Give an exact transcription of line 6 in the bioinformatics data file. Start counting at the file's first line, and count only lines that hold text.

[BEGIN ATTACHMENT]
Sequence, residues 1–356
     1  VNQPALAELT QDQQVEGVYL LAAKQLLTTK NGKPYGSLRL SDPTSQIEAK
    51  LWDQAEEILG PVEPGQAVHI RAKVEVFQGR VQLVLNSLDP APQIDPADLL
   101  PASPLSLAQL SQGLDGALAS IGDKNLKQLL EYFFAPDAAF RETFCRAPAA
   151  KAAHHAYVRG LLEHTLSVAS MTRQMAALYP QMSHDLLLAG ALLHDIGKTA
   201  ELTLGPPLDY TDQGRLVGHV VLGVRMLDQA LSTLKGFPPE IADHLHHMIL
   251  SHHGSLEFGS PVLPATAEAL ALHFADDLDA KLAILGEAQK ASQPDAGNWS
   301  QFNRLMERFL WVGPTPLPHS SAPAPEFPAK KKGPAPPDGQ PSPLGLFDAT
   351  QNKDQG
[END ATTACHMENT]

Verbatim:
   201  ELTLGPPLDY TDQGRLVGHV VLGVRMLDQA LSTLKGFPPE IADHLHHMIL